5. It fosters a sense of respect. Claiming your right to privacy is establishing a boundary that you won’t allow anyone to cross. This shows your partner that you demand respect and that you’ll respect their rights in return. Without this boundary in place, things can get murky pretty quickly.
  6. It keeps your relationship healthy. Ultimately, having private lives as well as the life you share will make your relationship stronger in the long run. You’ll be more well-rounded, fulfilled individuals, which makes the couple unit totally unstoppable.

What privacy looks like

  • Doing your own thing sometimes without your partner incessantly calling or texting
  • Going away with friends for the weekend
  • Having a texting conversation with a friend or family member that you don’t relay every word of
  • Processing certain experiences or emotions with a therapist rather than your partner
  • Not sharing every thought that comes into your head
  • Not feeling pressured to relay everything that happened in a given day
  • Keeping a journal where you can write down things you don’t want to share
  • Not being forced to share phone, email, or social media passwords with your partner

Ways secrecy can destroy your relationship

  1. It breeds jealousy and distrust. Keeping secrets from your partner is unhealthy in a number of ways, but this is one of the worst. When your partner realizes you’re hiding something from them, they’re likely to trust you less. What are you hiding and why? Are you being unfaithful? These thoughts will swirl in their head and chip away at your relationship.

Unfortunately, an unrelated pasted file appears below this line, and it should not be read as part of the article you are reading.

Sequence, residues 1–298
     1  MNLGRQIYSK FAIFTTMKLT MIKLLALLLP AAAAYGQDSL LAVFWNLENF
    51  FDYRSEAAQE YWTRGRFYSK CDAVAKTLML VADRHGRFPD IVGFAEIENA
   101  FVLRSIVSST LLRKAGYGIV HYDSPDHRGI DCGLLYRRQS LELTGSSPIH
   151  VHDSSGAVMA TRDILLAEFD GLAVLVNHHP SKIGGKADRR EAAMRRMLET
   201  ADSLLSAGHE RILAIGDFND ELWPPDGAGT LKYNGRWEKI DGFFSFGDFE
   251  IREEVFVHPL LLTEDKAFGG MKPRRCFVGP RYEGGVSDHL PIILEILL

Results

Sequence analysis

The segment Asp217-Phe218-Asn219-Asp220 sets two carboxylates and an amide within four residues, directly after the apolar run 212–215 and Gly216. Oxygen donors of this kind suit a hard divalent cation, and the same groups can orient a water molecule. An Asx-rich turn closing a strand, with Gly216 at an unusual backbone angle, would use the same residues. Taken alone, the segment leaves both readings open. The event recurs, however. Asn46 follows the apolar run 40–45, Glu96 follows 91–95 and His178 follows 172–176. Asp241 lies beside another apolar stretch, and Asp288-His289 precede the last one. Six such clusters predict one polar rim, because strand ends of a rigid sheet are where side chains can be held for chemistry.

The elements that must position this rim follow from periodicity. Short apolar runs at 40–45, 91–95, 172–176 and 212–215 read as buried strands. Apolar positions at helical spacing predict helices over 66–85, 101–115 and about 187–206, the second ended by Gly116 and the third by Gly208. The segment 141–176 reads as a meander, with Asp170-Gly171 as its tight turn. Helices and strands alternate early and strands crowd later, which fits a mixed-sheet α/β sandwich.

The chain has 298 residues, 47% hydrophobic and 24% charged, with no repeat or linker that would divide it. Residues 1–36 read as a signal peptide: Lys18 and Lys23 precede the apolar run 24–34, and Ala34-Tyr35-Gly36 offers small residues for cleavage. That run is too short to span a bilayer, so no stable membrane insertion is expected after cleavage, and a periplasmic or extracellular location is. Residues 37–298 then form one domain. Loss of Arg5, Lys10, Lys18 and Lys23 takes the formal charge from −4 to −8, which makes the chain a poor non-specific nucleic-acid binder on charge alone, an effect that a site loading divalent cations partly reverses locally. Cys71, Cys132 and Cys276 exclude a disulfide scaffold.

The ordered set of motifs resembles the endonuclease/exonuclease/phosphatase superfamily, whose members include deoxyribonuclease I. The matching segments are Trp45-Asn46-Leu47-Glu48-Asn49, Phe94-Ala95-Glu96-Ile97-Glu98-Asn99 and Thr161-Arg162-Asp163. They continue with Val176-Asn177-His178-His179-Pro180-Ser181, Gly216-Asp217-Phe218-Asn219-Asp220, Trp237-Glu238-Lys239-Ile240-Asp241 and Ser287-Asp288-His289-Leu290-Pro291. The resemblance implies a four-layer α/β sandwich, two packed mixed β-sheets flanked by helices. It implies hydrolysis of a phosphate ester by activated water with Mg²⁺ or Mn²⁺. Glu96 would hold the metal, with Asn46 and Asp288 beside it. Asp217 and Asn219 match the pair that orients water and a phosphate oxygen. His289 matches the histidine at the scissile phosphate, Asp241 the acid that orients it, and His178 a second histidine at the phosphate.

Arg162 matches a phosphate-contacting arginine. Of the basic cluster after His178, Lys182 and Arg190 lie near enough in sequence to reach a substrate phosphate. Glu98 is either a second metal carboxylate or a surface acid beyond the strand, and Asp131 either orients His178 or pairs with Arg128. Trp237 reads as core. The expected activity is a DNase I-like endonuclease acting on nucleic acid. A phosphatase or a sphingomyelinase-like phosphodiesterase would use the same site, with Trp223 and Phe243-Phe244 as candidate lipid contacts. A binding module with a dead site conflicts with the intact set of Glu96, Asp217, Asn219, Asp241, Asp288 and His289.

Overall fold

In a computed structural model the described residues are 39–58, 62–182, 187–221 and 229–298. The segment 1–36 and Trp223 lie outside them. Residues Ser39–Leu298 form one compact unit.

2. It can make your entire relationship feel like a lie. Even if you’re only secretive about one thing, that can be enough to destroy your connection with your partner. When they find out about your concealment, they will probably start to question what else you’ve been dishonest about. Without trust, you cannot go on.
  3. You never know where you stand with each other. Knowing that you have secrets from one another will remove all sense of stability and security. Because you don’t know what they’re keeping and why, you worry that the rug could be ripped out from beneath you at any moment. The sad part is, you’re probably right.
  4. You may feel like you’re being taken for a fool. No one likes being lied to. When your secret comes out, your partner will likely wonder how they didn’t figure it out sooner. The fact that you could lie so easily to them will make them feel stupid and like you believe they’re gullible or foolish. It can do a serious number on their self-worth.
  5. It leads to further dishonesty. The difference between privacy and secrecy is that privacy enhances honesty while secrecy encourages more lies. If you can keep one thing from your partner, why stop there? What else can you prevent them from knowing or finding out about? It’s a slippery slope, and one best avoided if you value your relationship.
Bolde has been a source of dating and relationship advice for single women around the world since 2014. We combine scientific data, experiential wisdom, and personal anecdotes to provide help and encouragement to those frustrated by the journey to find love. Follow us on Instagram @bolde_media or on Facebook @BoldeMedia